The Life events and health survey (LEHS) was collected by National Institute of Statistics and Economic Studies (INSEE) interviewers for the Research, Studies, Evaluation and Statistics Directorate (DREES) of the French Ministry of Health and Sport. It was a face-to-face survey mainly exploring health and difficult life events. This cross-sectional survey is representative of the non-institutionalised, civilian population of France, aged 18–75, based on the most recent national census. Data were collected from September 2005 to November 2005. The participation rate was 72%. The most sensitive questions (sexual behaviour, alcohol and drug use) were asked via A-CASI. The respondents' privacy was ensured as the interviewer, who was alone with the respondent, left the room for the A-CASI part of the questionnaire. Out of 9,953 people interviewed face-to-face, 9,538 (95.8%) agreed to complete the interview with the A-CASI. Data were also adjusted to the French population structure as obtained from the “Continuous employment survey” carried out in 2005, both for the whole sample and for respondents who answered the A-CASI questionnaire. Precise descriptions of sampling and other survey procedures are available elsewhere [2].

Both HB and LEHS surveys rely on complex sampling: two stages of simple random sampling (SRS) for HB (phone number and then individual), stratified and three stage sampling for LEHS (stratification according to the size and socio-economic status of the area of residence, urban area for the first stage, household for the second stage then individual for the third stage). Both surveys aimed to interview the same population, but with different sampling strategies and each individual could be interviewed for both surveys, although this may be very rare (less then 0.001%). The two datasets were pooled together in order to estimate adjusted differences of A-CASI (LEHS) vs CATI (HB) in multivariate logistic regressions. The sampling design (stratification and clustering in LEHS) and the sampling weights were taken into account in the analyses, by considering HB as a separate stratum containing as many clusters as individuals.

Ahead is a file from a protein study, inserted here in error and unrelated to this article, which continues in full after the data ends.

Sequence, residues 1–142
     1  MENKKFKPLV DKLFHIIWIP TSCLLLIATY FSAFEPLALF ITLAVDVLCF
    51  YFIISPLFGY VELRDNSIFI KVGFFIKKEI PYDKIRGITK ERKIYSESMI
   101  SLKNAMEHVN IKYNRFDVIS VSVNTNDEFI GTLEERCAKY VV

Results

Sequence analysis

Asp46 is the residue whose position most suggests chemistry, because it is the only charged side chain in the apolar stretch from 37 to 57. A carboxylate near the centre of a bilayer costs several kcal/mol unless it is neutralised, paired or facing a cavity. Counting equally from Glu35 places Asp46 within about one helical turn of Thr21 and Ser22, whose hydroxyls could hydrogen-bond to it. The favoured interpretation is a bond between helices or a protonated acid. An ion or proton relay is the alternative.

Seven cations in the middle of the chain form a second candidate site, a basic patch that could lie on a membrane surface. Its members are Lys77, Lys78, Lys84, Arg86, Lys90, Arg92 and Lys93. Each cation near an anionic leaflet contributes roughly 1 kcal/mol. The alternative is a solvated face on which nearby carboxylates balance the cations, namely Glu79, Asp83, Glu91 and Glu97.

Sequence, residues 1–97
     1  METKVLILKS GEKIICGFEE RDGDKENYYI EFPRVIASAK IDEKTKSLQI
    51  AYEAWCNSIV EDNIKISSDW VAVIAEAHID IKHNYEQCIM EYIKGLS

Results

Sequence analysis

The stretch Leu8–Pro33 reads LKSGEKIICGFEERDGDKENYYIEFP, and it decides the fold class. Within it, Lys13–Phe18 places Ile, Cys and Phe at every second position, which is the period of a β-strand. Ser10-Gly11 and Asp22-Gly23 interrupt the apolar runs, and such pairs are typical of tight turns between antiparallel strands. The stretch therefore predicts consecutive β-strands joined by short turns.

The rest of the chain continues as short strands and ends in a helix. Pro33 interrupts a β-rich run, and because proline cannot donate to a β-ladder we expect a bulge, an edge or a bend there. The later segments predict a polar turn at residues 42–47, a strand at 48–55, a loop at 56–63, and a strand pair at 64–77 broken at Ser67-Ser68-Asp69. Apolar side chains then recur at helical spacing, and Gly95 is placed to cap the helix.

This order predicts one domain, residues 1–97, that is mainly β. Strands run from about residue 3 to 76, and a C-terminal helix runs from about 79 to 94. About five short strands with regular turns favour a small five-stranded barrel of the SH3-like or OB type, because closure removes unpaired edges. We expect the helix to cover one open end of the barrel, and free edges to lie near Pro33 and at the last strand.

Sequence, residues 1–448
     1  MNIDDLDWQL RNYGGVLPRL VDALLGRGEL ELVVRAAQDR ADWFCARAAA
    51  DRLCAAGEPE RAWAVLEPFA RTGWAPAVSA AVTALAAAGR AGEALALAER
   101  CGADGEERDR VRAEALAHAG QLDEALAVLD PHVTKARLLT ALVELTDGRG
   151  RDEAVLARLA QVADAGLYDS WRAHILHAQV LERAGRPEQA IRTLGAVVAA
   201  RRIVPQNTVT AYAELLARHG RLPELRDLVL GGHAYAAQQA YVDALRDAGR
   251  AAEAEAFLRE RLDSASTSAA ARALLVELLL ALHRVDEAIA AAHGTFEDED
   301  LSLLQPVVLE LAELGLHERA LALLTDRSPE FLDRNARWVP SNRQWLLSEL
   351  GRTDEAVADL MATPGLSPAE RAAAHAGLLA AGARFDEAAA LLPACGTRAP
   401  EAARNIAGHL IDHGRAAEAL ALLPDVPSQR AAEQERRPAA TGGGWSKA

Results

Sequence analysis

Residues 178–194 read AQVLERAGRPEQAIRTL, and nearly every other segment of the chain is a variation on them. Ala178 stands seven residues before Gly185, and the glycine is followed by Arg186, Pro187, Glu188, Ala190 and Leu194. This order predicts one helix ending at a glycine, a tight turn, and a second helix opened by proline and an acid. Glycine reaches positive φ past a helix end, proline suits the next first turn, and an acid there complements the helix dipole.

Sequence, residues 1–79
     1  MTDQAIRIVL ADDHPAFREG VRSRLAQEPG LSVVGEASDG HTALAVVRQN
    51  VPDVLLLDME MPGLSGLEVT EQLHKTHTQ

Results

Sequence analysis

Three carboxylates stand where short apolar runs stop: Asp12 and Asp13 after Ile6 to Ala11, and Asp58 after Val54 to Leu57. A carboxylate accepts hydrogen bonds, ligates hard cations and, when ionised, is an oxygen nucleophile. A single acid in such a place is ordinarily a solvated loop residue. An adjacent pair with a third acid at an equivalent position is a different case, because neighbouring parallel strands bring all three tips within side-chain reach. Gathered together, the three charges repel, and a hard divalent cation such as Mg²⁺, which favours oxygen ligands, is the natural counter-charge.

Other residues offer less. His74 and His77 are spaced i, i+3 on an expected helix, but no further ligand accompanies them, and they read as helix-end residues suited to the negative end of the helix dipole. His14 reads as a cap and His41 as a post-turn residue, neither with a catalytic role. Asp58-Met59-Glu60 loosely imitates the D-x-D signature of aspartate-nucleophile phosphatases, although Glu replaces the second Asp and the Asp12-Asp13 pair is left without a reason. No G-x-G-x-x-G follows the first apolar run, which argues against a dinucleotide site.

The two surveys employed similar assessments to estimate prevalence for lifetime alcohol and drug use, problematic alcohol use, and 12-month and 30-day cannabis use [3]. The CAGE test was used to assess problematic alcohol use. This test aims to measure the risk of alcohol dependency. It is made up of four simple binary questions [48]:

- Have you ever felt you needed to Cut down on your drinking?